I realized a life long dream in visiting the Atlantic Canada and Maritimes areas last October. It turned out to be everything I'd hoped it would, and so much more. The people are incredibly friendly, a pleasantry that visitors to Canada are made aware of again and again. The habitat of the region is striking and replete with verdant multi-colored forests, streams, rivers and coves with waterfront homes and sailboats moored a short way off. The coastlines were sculpted with bold gray rocks and topped off with lighthouses, almost like a grand ice cream sundae concocted for fall adventurers touring the region.
Although I was to fish my way through the entire region, the second massive cold front of the season dropped temperatures, added rain, and served up some very chilly temps. This was no problem for me, because this weather belongs to the Maritimes during this season. More importantly, I'd have more time to explore the sights, sounds, offerings and the attractions that would be of appeal to the anglers — as well as their families — who would come to fish here in the future.
I booked passage on the Carnival Victory. This turned out to be an ideal mode of transportation. Every need was taken care of and we sailed around the area on high seas, bays, and inlets.
Saint John/Bay of Fundy, New Brunswick
The first Maritimes port of call was Saint John/Bay of Fundy, New Brunswick. Our actual arrival was on an early morning that featured cool, brisk weather with an occasional light shower. As the ship docked and prepared for disembarking, I was ready for a tour that I'd worked out and chosen months earlier. Based on thorough research of this destination, I'd chosen a venue that included the city of Saint John itself, City Market, Reversing Falls Rapids and the village of St. Martins.
As the ship was "cleared", I was excited to be in a coastal destination that featured the world's highest tides. As a Florida angler, my usual tide-change heights of a few feet were no match for this exciting region which featured rises and falls of as much as 28 feet! The daylong sojourn was being handled by Aquila Tours.
Once onboard the comfortable tourbus, we made the short trip through Saint John to the Reversing Falls Rapids. The sight of such huge volumes of water racing at breakneck speed in multiple directions was novel, exciting, and downright humbling. A thorough discussion by our guide made this magnificent spectacle quite meaningful. As the bus resumed its journey back to the town's center, afterimages of the river cascaded through my mind's eye.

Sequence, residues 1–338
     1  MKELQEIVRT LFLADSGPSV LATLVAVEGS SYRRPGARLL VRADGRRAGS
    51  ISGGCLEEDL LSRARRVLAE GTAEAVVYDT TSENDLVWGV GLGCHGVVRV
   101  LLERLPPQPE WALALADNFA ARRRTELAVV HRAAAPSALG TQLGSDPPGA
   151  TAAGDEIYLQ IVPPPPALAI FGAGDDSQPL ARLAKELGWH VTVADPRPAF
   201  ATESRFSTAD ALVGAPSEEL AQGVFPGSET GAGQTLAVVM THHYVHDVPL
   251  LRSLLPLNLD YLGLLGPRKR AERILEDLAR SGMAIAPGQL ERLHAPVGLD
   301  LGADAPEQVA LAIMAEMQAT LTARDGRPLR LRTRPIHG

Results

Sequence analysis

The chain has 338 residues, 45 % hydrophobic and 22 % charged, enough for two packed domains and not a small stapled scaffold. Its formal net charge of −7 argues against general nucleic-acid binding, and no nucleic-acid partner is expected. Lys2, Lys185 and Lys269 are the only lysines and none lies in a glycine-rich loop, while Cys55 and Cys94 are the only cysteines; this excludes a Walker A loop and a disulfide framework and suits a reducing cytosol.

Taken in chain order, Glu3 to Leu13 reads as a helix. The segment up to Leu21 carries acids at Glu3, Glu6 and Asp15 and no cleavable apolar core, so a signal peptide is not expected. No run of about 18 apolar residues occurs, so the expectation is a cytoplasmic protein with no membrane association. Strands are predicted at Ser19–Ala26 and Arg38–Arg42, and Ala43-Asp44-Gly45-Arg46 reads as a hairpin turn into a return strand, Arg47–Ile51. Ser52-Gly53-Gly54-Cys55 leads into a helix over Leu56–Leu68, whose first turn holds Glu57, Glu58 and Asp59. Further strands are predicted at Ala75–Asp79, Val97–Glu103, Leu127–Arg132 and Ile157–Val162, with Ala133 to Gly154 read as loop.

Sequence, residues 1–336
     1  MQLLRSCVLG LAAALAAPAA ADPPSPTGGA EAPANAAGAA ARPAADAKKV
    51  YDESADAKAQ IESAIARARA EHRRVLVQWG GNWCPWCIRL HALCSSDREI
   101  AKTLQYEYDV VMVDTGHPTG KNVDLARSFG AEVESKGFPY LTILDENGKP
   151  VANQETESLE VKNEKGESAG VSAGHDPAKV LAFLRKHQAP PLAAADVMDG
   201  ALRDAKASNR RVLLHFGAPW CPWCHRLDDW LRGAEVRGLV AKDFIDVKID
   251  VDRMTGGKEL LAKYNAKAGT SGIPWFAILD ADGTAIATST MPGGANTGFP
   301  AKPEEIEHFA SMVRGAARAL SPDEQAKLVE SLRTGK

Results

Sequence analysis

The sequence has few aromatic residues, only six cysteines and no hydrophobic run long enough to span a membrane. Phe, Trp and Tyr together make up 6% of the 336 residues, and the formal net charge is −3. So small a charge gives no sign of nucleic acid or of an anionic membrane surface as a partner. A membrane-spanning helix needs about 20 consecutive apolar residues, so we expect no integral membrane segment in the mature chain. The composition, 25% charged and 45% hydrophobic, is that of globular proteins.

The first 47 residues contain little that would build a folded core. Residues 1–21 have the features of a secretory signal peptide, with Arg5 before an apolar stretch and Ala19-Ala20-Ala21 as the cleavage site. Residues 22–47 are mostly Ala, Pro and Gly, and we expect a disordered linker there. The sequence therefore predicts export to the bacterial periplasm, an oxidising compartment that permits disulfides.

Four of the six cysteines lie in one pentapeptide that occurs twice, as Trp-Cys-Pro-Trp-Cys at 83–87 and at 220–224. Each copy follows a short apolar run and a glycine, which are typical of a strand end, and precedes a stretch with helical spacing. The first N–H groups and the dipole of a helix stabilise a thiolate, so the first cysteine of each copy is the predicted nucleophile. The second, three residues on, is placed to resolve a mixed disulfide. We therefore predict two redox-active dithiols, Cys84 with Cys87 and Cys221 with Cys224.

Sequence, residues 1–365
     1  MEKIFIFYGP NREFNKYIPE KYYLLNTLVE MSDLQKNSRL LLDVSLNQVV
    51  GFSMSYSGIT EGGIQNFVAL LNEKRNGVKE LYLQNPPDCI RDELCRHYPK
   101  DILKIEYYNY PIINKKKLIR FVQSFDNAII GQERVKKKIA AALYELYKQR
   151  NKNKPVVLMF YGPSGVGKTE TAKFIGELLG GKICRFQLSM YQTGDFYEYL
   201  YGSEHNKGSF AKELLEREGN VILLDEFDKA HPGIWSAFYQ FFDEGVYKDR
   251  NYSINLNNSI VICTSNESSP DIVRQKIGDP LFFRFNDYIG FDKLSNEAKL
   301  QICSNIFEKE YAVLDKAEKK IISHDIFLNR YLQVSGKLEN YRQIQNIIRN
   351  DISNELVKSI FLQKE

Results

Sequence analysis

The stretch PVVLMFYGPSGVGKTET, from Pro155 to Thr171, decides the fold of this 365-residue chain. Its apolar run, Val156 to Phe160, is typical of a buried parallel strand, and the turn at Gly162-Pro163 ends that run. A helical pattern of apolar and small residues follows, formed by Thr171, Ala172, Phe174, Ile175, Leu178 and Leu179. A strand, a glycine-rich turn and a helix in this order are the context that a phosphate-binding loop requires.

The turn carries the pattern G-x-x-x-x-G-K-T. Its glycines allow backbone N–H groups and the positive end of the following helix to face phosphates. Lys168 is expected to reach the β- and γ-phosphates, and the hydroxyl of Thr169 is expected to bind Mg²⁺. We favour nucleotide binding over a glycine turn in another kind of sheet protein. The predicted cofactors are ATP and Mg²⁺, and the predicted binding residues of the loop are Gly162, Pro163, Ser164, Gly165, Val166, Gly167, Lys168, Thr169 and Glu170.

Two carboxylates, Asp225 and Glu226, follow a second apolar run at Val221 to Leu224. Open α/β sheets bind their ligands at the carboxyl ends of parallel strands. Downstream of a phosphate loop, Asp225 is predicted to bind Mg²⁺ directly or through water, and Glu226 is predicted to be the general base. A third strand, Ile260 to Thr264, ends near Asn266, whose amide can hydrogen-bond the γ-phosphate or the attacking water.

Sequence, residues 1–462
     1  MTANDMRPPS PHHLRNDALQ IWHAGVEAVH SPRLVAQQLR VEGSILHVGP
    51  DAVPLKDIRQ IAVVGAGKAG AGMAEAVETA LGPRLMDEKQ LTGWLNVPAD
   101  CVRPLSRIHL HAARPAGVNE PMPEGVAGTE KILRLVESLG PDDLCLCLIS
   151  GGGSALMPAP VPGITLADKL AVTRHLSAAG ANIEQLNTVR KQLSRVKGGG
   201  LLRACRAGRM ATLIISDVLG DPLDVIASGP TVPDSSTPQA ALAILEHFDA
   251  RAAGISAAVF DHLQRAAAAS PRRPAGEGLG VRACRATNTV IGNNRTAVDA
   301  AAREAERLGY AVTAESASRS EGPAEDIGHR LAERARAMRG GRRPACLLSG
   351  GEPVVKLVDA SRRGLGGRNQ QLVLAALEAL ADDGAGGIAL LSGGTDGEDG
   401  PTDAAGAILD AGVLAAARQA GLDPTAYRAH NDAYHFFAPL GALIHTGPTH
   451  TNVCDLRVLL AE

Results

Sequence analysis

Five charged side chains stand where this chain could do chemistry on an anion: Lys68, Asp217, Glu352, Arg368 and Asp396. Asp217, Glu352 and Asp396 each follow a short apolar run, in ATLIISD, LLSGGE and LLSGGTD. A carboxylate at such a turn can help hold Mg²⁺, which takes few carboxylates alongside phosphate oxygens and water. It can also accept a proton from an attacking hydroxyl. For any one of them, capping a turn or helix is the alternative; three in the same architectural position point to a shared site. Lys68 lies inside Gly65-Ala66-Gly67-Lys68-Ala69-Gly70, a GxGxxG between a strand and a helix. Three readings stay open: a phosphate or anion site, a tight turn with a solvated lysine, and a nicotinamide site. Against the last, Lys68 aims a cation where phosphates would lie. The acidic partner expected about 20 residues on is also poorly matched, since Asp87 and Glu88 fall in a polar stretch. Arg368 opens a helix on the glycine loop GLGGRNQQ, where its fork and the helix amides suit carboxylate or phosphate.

The next stop was Market Square in Saint John. This centralized attraction features delectable fresh fruits, vegetables, meats, (of course) local seafood, and practically any larder for the northern kitchen. The proprietors arranged their food items for display in floral patterns reminiscent of the shops of Nice and Barcelona. In addition, don't be surprised if a shop owner presses you to sample a piece of dried dulce seaweed!
Our next destination was the quaint and idyllic fishing village of St. Martins. We arrived at low tide to find the lobster and herring fleet sitting on wood frames that would help buttress the boat's keels as the vessels were completely aground at low tide! This quaint and extremely pleasurable village features a small lighthouse, two covered bridges, and a tidal cove that would satisfy the most demanding travelers or traveling photographers.
The climax of our St. Martins excursion was twofold. We lunched at the Huttge's family's famous oceanside Caves Restaurant on homemade biscuits and rich seafood chowder. After our repast, our guide encouraged us to explore the tidal caves in the distance. She advised us as well to scour the rocky low tide beach for "rocks with rings" that was sure to bring good luck.
When we returned to the Saint John seaport in the evening, it was time for the Victory to set sail for Halifax — one night and a full day would bring us to this must-see destination.
Halifax, Nova Scotia
My party and I were especially lucky to plan and spend our day in Halifax with someone so qualified to familiarize us so completely: Deanna Wilmshurst, the communications manager of Destination Halifax. Our itinerary was such an exciting and thorough venue: Peggy's Cove, the Halifax Citadel, the Halifax Waterfront via the Harbour Hopper, and finally, Pier 21. These wonderful attractions are "stand-alone" excellent, yet when they're combined with a fishing trip in this region, memorable becomes unforgettable, as it did for me.
Upon arrival, our ship debarked in cold clear weather- a perfect day for touring! Deanna picked us up in her spacious van and whisked us off to Peggy's Cove. On the hour-long drive, we passed through countless hills, lakes and multi-colored forests of fall. I did spot some fish that I was relatively sure were smallmouth bass.
Peggy's Cove is an unforgettably beautiful rugged coastal fishing village. It is highlighted by some of the most majestic rocks and lighthouse scenes I have ever seen. In the cold high winds, we climbed the rocks to the base of the lighthouse, which had a cozy post office at its base. In the enveloping warm sanctuary, postal officials were proud to tell us this was their nation's smallest post office! Upon on our descent, Deanna surprised us with hot gingerbread and lemon sauce and took us into a native watercolorist's art gallery for an excellent display of painted work.
This was only a small part of my experience and I'm sure that many outdoors families would have a memorable time.